What Are Ketone Bodies And Why Are They In The Body?
If you eat a calorie-restricted diet for several days, you will increase the breakdown of your fat stores. However, many of your tissues cannot convert these fatty acid products directly into ATP, or cellular energy. In addition, glucose is in limited supply and must be reserved for red blood cells -- which can only use glucose for energy -- and brain tissues, which prefer to use glucose. Therefore, your liver converts many of these fatty acids into ketone bodies, which circulate in the blood and provide a fuel source for your muscles, kidneys and brain. Video of the Day Low fuel levels in your body, such as during an overnight fast or while you are dieting, cause hormones to increase the breakdown of fatty acids from your stored fat tissue. These fatty acids travel to the liver, where enzymes break the fatty acids into ketone bodies. The ketone bodies are released into the bloodstream, where they travel to tissues that have the enzymes to metabolize ketone bodies, such as your muscle, brain, kidney and intestinal cells. The breakdown product of ketone bodies goes through a series of steps to form ATP. Conditions of Ketone Body Utilization Your liver will synthesize more ketone bodies for fuel whenever your blood fatty acid levels are elevated. This will happen in response to situations that promote low blood glucose, such as an overnight fast, prolonged calorie deficit, a high-fat and low-carbohydrate diet, or during prolonged low-intensity exercise. If you eat regular meals and do not typically engage in extremely long exercise sessions, the level of ketone bodies in your blood will be highest after an overnight fast. This level will drop when you eat breakfast and will remain low as long as you eat regular meals with moderate to high carbohydrate content. Ketone Bodi Continue reading >>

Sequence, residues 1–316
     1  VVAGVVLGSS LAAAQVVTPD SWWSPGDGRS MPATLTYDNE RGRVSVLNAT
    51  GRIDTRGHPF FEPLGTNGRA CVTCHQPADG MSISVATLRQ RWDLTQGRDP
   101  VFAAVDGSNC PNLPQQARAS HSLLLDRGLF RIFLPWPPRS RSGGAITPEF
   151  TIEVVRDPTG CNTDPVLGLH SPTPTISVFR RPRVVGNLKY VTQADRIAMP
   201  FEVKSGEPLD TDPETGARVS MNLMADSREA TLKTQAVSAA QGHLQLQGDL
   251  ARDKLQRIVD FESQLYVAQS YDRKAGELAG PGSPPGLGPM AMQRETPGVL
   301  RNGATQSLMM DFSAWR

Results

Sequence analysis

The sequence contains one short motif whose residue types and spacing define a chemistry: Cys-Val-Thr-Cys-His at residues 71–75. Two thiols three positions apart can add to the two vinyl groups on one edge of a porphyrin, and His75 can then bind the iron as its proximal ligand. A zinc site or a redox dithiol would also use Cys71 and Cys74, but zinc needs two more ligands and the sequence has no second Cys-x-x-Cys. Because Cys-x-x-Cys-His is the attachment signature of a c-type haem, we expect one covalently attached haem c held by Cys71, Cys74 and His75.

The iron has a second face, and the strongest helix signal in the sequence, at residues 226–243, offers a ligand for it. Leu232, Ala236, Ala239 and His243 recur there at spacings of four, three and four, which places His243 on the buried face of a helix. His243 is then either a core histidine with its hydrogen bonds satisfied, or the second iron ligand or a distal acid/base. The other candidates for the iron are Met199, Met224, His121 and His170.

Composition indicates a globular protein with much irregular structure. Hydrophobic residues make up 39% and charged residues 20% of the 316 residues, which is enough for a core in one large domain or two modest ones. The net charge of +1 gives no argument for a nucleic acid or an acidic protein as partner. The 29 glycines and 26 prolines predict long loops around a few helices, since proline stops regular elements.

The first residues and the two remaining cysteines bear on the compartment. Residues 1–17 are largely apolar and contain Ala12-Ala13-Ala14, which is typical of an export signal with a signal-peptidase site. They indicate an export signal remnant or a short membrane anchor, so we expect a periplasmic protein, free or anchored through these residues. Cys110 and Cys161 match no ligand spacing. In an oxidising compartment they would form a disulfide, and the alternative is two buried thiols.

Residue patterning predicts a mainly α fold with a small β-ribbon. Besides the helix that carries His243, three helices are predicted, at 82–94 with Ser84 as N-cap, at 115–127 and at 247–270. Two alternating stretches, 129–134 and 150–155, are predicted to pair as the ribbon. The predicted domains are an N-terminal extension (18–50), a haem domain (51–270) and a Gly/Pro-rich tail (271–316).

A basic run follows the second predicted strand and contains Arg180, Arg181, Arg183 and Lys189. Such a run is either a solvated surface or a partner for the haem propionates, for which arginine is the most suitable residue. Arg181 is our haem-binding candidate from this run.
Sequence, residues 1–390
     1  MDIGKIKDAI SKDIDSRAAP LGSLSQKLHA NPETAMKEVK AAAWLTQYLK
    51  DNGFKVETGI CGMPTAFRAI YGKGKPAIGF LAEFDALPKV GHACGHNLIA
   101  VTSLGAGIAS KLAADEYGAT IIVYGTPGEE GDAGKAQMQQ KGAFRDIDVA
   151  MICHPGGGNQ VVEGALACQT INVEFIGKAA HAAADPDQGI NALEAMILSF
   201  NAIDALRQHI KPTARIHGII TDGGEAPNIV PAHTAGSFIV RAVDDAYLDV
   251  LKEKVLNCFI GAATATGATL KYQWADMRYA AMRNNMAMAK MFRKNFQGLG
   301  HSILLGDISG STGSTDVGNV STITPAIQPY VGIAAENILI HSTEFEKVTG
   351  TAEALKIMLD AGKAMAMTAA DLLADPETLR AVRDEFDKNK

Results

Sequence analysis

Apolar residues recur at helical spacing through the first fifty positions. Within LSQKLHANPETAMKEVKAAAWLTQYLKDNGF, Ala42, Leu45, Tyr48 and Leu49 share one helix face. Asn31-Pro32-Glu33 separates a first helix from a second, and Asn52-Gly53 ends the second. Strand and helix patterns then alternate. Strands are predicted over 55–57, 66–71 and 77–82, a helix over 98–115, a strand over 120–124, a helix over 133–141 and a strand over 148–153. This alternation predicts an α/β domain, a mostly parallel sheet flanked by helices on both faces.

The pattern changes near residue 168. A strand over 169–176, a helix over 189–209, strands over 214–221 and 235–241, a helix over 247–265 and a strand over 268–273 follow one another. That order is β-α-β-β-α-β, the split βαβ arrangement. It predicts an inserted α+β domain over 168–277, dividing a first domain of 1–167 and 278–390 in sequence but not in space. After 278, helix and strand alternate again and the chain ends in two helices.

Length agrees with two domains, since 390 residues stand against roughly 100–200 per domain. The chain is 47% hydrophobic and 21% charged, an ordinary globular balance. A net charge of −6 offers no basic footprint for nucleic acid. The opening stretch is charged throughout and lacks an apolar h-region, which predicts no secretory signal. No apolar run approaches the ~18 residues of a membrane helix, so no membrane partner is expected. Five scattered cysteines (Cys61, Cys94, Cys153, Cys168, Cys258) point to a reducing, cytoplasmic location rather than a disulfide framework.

Ketone Body Utilization For Energy Production And Lipid Synthesis In Isolated Rat Brain Capillaries.